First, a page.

**…

-Frank (Aflak is just a nickname . . . sounds like my last name sorta) **

http://www.usfirst.org/robotics/doc_updt.htm

I highly suggest you go to that site and study last year’s documents.

Other than the game, the documents change very little from year to year. Read them and you will be the master of the competition. You don’t necessarily have to memorize them. But, if you read them, you will know where to look when you have to look something up during the build.

Granted, when the new competition comes out a new rule book will be published, but it won’t change a whole lot. You’ll still want to read the new one.

There are many local kickoffs on Jan.4th which every team should be attending to 1) Find out what the game is and 2) pick up some of the kit of material. At some of the sites there are seminars scheduled to share information (cooperation and sharing experience are encouraged in the FIRST - by the way, it’s not US FIRST anymore since there are many fine teams from Canada, Brazil, England and other countries). Back to the seminars - You should see if the place you are going for the kickoff has a “Rookie Camp” - this is where a veteran team or teams will generally outline the “Do and Don’ts” to help the Rookie teams from going off and doing something that would be detrimental. Lastly, use our Forum to “Ask questions about whatever - but please check out the existing threads because once this thing gets rolling in January the sheer # of posts will astound you and we get many redundant or nearly redundant questions. As a service to “Just the Rookies” I’ll see if Brandon can add a Forum where Rookies can ask questions without them being intermingled and lost in the other threads - sort of a Place where Rookies can ask questions that Rookies always ask” - Have fun and Best of Luck this year!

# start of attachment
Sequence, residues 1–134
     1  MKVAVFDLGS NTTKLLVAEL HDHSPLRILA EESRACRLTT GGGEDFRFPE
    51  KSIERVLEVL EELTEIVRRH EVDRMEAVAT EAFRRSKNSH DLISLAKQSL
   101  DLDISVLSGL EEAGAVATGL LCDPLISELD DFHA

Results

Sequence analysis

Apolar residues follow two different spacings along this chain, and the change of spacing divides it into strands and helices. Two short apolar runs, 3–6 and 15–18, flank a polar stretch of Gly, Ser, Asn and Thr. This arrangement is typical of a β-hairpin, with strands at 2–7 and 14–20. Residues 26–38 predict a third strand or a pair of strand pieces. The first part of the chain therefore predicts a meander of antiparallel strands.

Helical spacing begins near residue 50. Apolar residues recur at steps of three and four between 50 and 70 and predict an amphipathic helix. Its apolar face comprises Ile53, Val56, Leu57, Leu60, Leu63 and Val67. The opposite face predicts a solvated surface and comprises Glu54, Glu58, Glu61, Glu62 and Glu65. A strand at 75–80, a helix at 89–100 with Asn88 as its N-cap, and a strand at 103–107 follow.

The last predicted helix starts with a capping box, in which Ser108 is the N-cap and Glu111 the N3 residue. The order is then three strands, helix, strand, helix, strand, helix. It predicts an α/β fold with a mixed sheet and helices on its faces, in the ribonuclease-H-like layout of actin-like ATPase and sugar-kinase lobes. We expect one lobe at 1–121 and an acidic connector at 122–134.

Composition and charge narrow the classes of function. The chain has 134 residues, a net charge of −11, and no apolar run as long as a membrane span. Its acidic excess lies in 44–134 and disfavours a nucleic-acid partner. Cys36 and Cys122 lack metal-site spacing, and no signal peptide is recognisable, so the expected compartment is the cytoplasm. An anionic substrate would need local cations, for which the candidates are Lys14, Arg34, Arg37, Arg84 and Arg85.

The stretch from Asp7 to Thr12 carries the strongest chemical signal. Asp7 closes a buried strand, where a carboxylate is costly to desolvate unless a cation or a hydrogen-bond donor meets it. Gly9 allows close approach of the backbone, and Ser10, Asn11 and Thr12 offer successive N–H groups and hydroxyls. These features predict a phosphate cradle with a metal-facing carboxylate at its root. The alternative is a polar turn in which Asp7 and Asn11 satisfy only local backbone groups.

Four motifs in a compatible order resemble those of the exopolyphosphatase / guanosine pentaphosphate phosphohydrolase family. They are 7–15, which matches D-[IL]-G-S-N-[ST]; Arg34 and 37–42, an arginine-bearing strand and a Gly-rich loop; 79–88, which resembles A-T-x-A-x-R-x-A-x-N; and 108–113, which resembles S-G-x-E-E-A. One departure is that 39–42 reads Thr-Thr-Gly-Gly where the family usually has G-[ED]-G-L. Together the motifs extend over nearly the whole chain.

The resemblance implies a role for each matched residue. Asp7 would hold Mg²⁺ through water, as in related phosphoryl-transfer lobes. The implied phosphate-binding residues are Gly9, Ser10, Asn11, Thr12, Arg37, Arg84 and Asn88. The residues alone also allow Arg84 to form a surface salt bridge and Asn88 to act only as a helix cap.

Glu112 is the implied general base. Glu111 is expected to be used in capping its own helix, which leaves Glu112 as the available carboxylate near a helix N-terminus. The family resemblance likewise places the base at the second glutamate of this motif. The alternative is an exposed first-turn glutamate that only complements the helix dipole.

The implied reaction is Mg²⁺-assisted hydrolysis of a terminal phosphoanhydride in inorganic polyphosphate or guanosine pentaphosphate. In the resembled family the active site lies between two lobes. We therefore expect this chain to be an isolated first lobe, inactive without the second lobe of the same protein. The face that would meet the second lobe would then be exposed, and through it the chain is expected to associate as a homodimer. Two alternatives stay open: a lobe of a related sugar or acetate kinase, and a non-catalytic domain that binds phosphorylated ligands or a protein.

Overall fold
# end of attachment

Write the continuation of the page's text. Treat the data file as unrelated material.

Here at Georgia Tech, we are preparing the new Georgia rookie teams for the season and have put a lot of good information on our website. We had our Rookie training session last week, the presentation for that is also on the website. Please feel free to take a look at it at www.robojackets.org.

You would probably want to raise at least $2000 for robot building as well as travel money for the team. Teams also usually have some kind of uniform (t-shirts, etc) and have buttons to give away at the competition. These are things you can work on now, or after the robot is built. A rookie robot can be very competitive, just try to keep your design simple come January. Don’t try to do everything and you’ll be fine. Feel free to contact me if you have any questions. Good luck!

I know Nate said something about this but I’ll clarify a bit more.

The file cards aren’t something such as in a library shelf of cards. They are used to clean out metal files (to grind down pieces of metal). A note card wouldn’t improve traction, but I’m sure they are legal.

In the past, all games (except the very first one) have been played on a specific type of carpet. I don’t know a part number or anything but keep that in mind when thinking of ways to gain traction while you build. (i.e. note cards have a very flat surface and don’t mesh at all with carpet, therefore almost no traction other than the weight of your bot).